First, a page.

Testifying under oath at Congressional hearings, Harvey Pitt, Chairman of the Securities and Exchange Commission, gave his views on possible legislative actions and responded to a series of pointed questions, including “Are there any more Enron’s out there?” A quick review of the questions and answers will give you a good indication of the types of changes being discussed on Capitol Hill.
Should Congress intervene with legislative actions?
Chairman Pitt: The SEC has the regulatory and statutory authority to make most of the needed reforms. But Congress should be involved, if sweeping changes are to be made. One area of possible legislation already identified is the need to require corporate insiders to disclose their trading activities to the public more quickly. The current law, which dates back to 1934, calls for a filing to be made by the 10th day after the month in which the trading occurred. That may have been good enough in 1934, but it is not nearly good enough for our markets today.
What regulatory actions is the SEC considering?
Chairman Pitt: We’re committed to doing everything in our power to prevent another Enron-like debacle. We have been working to improve and modernize corporate disclosures and the financial reporting system. The reforms under consideration include: a system of “current” disclosure, more disclosures of “trend” and “evaluative” data, an updated and improved system of periodic disclosure, clearer and more understandable financial statements, disclosures about critical accounting policies, faster and more responsive setting of accounting standards, a more rigorous system of oversight of the accounting profession, a system safer from conflicts of interest among auditors, more meaningful protection by audit committees, and a system of more transparent analyst recommendations.
(For more details on these initiatives, see Chairman Pitt’s prepared remarks before the Subcommittee on Capital Markets, Insurance and Government Sponsored Enterprises, United States House of Representatives, concerning legislative solutions to problems raised by events relating to Enron Corporation.)
The Big Five firms are trying to prevent conflicts of interest by separating auditing from consulting. Will that really work? What’s the difference whether it’s $12 million in audit fees and $12 million in consulting fees or $24 million in audit fees? If a firm is hired by management, it will still want to make management happy. Would it make more sense to have the Stock Exchanges engage the audit firm instead of the corporate board?
Chairman Pitt: This is something that is on the table for discussion. I think the Big Five firms have taken a positive step in splitting consulting and auditing services. If they are taking the step to restore public confidence, then we should support it. But this has no impact on all the additional changes we need to make in our system. It will not solve the problem. There is much, much more that needs to be done. The SEC will look into this and other suggested changes and report back to the Subcommittee in 30 days.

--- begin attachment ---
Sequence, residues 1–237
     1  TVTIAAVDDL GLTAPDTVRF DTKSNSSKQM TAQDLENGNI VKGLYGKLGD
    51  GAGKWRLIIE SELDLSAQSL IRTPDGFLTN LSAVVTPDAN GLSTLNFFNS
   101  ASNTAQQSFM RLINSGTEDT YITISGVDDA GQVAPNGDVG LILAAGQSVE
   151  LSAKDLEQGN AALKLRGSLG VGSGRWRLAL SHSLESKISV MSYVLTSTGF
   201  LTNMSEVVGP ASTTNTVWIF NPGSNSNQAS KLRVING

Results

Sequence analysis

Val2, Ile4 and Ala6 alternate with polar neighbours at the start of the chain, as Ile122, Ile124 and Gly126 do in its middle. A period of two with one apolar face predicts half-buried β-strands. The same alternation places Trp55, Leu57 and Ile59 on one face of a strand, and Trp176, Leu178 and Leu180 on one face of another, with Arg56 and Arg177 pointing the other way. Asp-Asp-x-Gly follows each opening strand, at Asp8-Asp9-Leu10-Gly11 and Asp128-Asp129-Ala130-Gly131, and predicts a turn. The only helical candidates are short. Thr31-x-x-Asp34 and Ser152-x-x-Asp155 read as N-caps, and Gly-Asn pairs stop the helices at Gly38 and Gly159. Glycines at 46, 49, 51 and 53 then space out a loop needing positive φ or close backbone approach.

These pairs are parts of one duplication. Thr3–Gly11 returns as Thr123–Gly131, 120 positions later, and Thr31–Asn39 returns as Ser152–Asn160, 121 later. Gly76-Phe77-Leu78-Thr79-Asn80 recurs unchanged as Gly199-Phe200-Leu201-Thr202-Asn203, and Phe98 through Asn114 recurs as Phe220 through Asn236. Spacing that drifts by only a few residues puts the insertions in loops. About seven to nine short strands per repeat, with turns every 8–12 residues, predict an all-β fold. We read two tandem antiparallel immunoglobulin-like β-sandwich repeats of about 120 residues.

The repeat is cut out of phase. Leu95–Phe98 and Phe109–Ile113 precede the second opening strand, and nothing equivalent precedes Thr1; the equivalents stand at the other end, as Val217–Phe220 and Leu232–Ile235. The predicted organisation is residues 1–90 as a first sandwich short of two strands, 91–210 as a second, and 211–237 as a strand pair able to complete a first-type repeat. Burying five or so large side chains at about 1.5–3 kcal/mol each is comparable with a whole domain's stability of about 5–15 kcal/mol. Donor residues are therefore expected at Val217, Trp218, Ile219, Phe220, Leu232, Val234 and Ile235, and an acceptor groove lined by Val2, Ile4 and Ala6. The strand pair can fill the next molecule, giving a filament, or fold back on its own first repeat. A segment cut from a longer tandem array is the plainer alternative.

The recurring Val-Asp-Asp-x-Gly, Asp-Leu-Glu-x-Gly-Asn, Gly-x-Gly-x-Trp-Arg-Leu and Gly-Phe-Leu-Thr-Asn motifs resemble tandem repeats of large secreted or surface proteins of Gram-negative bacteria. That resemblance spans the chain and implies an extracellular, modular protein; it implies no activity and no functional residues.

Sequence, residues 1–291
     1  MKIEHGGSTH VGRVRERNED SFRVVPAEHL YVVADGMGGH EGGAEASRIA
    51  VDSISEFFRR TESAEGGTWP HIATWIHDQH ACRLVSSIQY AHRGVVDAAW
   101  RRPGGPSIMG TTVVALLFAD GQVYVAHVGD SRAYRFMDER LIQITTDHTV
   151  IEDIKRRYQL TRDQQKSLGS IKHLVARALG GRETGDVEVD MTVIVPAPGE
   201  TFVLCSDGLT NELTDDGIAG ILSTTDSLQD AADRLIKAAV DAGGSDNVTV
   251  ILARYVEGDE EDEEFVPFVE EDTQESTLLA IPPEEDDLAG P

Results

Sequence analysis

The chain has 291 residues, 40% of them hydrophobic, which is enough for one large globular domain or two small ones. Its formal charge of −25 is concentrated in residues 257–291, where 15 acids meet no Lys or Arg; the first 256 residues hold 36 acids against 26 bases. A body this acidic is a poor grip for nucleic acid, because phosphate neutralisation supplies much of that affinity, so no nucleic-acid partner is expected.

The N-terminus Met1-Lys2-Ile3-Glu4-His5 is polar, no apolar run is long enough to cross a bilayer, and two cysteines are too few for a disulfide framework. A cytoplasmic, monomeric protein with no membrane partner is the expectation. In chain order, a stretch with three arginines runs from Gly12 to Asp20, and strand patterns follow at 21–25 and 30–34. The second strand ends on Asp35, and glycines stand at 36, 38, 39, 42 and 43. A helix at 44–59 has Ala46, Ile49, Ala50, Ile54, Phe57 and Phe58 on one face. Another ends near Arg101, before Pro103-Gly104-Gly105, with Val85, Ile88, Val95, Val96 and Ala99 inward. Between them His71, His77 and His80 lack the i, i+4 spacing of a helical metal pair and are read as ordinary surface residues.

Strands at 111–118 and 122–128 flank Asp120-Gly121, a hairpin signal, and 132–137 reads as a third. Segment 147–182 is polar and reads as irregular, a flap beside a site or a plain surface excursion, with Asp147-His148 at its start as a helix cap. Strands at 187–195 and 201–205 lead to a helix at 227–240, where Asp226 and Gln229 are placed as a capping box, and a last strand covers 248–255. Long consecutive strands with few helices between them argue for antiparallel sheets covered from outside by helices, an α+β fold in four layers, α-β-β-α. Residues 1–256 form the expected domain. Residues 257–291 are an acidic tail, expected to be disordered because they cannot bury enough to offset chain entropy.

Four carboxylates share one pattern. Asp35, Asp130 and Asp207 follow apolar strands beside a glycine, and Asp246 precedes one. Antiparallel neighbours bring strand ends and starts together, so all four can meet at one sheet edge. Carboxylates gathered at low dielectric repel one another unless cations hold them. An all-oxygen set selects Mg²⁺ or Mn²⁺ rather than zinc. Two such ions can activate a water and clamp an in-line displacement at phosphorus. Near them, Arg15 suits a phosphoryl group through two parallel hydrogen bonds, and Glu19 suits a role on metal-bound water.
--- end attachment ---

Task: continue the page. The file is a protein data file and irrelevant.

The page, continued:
Isn’t the SEC concerned about the way the Big Eight became the Big Five? Enron may only be 1% of Andersen’s business, but it is equivalent to 100% of a smaller firm’s annual revenues. Isn’t the size of the Big Five firms an issue?
Chairman Pitt: Yes. That’s why solving the conflict issues will not solve the problems. The independence issue is most relevant on the front lines. An audit may represent 1% of a firm’s revenues but it can still be critically significant to the individual partner in charge of the audit. Then too there is a need for greater capital in accounting firms today. The issue comes down to, “How can we achieve the desired results and still avoid dictating how much income they can generate?”
Are there any other Enrons out there?
Chairman Pitt: The system is capable of being gamed. The SEC is investigating a number of financial frauds. But keep in mind there are 17,000 public companies registered with the SEC. At the present time, no one can give you the assurance you seek. Part of the problem is that the SEC has in the past allowed the Financial Accounting Standards Board (FASB) to fail to set timely accounting standards. The FASB must act more quickly in the future.
Should the FASB be federalized?
Chairman Pitt: If the FASB won’t fix the standards, we will either find a body to do it or we will do it ourselves. One of FASB’s major problems stems from its funding, which comes from the industry it regulates. But the creative accounting that led to Enron’s demise wasn’t a system-wide problem. It’s a good system. It has flaws and we’re going to fix them.
The SEC is looking at new disclosure rules in light of Enron. We have found that Regulation FD shields executives from liability “by telling nothing to no one.” So we are working on a new proposal that would instead require companies to disclose “unquestionably significant information” to investors. To get input on this and other matters, the SEC is planning its first ever “Investor Summit” in May 2002. There are fundamental longstanding flaws in our system. But, at the end of the process, we will have a better system of corporate disclosure.
The above questions and answers have been paraphrased and are not verbatim. Listen to the Congressional hearings on legislative reforms or read Chairman Pitt’s testimony at the hearing on financial literacy.